When making the "cross over" from private sector security to journalism, and from journalism to hybrid security-intelligence, remaining defensive, much of the equipment is interchangeable. Soft and hard body armor is key equipment in our quest to equip journalists in non-conflict zones. The press armor worn on battlefields is well known. What about for everyday city blocks in the United States, border towns, or restrictive, but permissive zones in foreign countries? One option is a concealed soft armor vest. Another option (supplemental to vest or stand alone) is backpack armor.
In the private sector market for backpack armor, we endorse and recommend DFNDR Armor. The armor is engineered in California and tested independently at an National Institute of Justice (NIJ) certified ballistic lab. An important factor is "multi-hit" rating. DFNDR backpack armor is rated Level IIIA handgun, meaning testing revealed adequate protection from the following handgun rounds, known as a ballistic profile:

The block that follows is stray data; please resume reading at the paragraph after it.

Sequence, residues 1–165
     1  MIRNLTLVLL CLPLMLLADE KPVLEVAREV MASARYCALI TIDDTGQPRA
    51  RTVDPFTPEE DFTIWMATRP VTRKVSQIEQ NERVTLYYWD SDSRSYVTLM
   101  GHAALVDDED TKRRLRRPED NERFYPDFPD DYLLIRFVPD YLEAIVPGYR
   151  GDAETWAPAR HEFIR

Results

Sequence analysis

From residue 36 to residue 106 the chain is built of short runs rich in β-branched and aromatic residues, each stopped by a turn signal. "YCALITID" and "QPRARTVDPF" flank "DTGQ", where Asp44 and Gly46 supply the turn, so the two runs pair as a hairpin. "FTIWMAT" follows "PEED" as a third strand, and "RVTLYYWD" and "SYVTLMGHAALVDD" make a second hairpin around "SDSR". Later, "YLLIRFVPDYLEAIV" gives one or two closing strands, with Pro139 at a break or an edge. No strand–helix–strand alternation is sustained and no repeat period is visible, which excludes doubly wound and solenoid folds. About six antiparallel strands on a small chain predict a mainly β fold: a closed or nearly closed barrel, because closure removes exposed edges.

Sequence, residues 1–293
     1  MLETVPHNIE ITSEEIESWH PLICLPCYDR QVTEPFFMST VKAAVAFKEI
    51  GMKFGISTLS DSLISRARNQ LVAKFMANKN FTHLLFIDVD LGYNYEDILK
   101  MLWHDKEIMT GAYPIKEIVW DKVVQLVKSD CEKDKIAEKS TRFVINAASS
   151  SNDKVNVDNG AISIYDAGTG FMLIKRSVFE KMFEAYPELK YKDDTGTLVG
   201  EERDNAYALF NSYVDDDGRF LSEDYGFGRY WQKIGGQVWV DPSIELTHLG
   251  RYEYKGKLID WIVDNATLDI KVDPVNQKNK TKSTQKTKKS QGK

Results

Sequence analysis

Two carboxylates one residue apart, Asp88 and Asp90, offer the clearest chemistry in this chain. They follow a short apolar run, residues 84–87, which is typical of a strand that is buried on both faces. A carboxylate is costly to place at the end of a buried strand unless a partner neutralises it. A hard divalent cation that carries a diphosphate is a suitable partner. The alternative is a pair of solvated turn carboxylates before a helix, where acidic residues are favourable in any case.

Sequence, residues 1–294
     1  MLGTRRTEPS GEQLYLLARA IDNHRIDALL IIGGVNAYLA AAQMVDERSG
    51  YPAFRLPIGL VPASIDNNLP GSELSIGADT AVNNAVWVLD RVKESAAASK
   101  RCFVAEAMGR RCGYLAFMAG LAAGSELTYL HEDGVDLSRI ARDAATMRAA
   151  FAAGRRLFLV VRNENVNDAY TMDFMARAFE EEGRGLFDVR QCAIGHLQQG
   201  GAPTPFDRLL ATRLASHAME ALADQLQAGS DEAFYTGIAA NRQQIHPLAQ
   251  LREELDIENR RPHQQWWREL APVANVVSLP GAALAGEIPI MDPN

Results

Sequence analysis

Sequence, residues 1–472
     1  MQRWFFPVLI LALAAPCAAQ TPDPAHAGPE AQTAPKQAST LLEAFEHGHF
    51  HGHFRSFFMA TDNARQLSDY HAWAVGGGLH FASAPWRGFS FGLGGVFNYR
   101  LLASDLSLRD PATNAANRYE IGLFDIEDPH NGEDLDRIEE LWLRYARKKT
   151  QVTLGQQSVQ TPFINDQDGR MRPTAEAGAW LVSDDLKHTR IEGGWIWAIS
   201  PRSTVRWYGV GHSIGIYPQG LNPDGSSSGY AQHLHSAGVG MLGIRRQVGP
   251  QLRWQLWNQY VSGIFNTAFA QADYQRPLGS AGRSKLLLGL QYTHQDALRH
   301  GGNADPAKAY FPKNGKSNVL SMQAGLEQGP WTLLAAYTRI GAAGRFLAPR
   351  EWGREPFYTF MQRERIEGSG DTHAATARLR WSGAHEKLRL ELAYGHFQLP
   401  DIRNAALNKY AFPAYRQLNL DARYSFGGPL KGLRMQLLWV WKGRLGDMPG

Three of the common calibers found at the street level in the U.S. are 9MM, .40 S&W, and .45ACP. The area covered by a 9.5x15 soft plate is less than a full vest, yet is better than walking with no protection. At least there is a barrier to use in the front if needed and protect one's back from stray rounds/shrapnel and intentional handgun fire.
Unlike even the most low profile vest, the backpack armor is wholly concealed (not even the outline of an armored plate is visible). This combination of protection and low visibility is essential in civil unrest and riot conditions, for example. Another area is US-Mexico border towns, and for that we would upgrade to hard plate rifle armor for much of the terrain.